GS: What can you say about the gameplay in the game? While it appears to primarily button prompts, the scenarios seem quite varied with minigames, stealth sequences, and even first-person encounters.
Burroughs: At its core, the game is a story experience and the main interactions are performing the interactive dialogue. There is some variety in the gameplay, in the minigames, and so on, but these too serve the story and are opportunities to roleplay and build on the characterization, rather than challenges or puzzles to solve.
GS: Also, the mechanics of the game seem to have a purpose such as simulating a dull work environment by mindlessly tapping the keyboard. What do you wish to accomplish with this sort of gameplay and how do you think it enhances the storytelling?
Burroughs: Exactly so. It was important to us that the minigames didn’t feel arbitrary, but that each one provided deeper insight into the characters or helped reinforce the themes and tone of the particular story they took place in.
GS: What was it like going from Virginia, a game with no dialogue to a game that is, in many ways, defined by its dialogue?
Burroughs: It was always our ambition that, after Virginia, we’d be working on a game with interactive dialogue. On Virginia, we really focused on three things – a story featuring a fully animated large ensemble cast, interactive cinematic editing as inspired by Brendon Chung’s ‘Thirty Flights of Loving’, and Lyndon’s incredible score, which also incorporated interactive elements so that the music felt like it had been composed to a locked film edit even when the flow of the game was dynamic and unpredictable through the input of the player. On Last Stop, we wanted to take all of these elements, but also layer on top dialogue, third-person cameras and interactive cinematography, and a desire to tell a story which featured multiple overlapping point-of-view characters.
GS: In making Last Stop, the team recorded actors together rather than having them do their lines in isolation. How did this enhance the story and what was it like playing out these scenes?
Burroughs: To be honest, I can’t imagine us ever working a different way. Having the actors together was so much fun creatively, as it allowed actors to react to one another, to ad-lib, and explore the characters as a group. It helped ensure that the conversations felt fluid and naturalistic. It guaranteed a quality that I don’t think we could have achieved had the actors recorded their parts separately.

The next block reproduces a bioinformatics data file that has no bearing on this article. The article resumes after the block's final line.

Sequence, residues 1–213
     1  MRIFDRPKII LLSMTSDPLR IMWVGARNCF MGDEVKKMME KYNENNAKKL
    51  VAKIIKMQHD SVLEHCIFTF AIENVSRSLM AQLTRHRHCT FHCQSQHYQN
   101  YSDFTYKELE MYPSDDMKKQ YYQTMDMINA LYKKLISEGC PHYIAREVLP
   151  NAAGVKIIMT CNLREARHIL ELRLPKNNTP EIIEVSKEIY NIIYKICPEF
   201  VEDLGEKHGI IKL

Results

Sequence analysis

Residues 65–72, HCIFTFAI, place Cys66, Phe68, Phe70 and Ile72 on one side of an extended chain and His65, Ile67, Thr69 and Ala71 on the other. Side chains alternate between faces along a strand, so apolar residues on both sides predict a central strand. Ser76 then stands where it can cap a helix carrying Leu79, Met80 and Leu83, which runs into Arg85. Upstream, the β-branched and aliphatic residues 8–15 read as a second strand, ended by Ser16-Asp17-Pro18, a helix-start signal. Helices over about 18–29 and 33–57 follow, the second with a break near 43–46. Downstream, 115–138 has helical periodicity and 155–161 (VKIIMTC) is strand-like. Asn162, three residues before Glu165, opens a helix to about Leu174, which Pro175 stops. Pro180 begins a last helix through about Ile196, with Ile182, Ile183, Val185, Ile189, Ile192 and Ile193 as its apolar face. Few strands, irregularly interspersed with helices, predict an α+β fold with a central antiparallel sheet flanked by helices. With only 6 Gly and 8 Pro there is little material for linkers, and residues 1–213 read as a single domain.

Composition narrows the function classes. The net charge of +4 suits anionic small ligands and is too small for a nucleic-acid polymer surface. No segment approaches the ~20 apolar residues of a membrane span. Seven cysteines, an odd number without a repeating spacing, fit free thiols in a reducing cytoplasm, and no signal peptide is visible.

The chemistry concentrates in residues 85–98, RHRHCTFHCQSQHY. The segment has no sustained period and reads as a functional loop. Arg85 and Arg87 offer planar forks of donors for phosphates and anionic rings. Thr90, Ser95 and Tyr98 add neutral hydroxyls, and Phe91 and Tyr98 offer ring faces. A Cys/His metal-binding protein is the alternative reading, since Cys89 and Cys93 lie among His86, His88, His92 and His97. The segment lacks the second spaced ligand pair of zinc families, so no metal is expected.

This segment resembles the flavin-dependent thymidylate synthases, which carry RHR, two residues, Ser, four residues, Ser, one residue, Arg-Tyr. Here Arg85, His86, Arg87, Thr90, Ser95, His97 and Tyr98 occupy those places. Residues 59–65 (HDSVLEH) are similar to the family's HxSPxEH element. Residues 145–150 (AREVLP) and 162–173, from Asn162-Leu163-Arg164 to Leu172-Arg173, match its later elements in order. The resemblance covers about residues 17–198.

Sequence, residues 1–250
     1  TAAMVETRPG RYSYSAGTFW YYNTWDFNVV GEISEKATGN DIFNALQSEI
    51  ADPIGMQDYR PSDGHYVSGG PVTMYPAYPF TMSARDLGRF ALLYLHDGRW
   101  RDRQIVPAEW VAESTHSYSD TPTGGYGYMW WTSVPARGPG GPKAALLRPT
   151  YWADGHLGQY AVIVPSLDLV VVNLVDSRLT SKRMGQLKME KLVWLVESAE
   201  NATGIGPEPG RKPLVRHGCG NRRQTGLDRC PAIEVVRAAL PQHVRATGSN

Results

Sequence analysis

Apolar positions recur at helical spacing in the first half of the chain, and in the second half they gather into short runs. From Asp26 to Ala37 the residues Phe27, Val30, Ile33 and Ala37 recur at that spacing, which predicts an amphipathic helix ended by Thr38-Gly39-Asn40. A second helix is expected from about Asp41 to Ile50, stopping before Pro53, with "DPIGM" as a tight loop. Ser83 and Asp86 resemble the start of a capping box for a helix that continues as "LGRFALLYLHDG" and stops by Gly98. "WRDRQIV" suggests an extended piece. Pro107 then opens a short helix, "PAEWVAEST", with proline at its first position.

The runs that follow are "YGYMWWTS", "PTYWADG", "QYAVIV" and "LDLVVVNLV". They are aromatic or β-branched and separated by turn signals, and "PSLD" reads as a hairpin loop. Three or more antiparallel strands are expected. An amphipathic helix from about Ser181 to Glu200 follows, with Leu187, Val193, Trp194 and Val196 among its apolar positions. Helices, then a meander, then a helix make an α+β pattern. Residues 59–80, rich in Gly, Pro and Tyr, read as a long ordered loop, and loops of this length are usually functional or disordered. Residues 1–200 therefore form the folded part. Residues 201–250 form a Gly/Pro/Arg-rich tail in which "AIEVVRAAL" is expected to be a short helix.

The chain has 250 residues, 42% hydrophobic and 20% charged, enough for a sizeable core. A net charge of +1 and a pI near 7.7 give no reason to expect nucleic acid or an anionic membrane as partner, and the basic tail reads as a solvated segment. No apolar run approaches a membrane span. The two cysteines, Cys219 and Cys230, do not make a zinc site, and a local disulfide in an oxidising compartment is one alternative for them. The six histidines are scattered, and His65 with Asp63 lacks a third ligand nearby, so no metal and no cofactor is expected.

GS: Virginia received plenty of acclaim with particular praise being given to its award-winning music. What themes are present in Last Stop’s music? How does it complement the experience?
Lyndon Holland: Due to the tone of the three stories in Last Stop being quite distinct from each other, I decided it was important for this to be reflected in the score. For the most part, when playing Paper Dolls the music is lighthearted, in Domestic Affairs it can be tense and conspiratorial, and in Stranger Danger it leans much more into traditional horror. Because of the structure of the game, the player periodically swaps in and out of each story, completely changing the musical tone each time. I found this actually ends up being quite a useful narrative device for injecting energy into the overall story. One moment the score is atonal, scary and ends with a bang, the next the music is cheerful and silly, which is quite a surprising change that grabs your attention – the hope is the player will think “Ah right, let’s see how John and Jack are getting on” from just hearing the music.
GS: As Last Stop is only a few months away, is there anything you’d like to share about what the game means to you or what you hope people will take from it?
Kenny: I worry sometimes that people see artistic merit only in things that are very stark and self-serious. With Last Stop, despite some dark detours through the course of the game, we always looked for a way to tell a trio of fun and enjoyable stories. I hope people enjoy the journey and are surprised by where it takes them.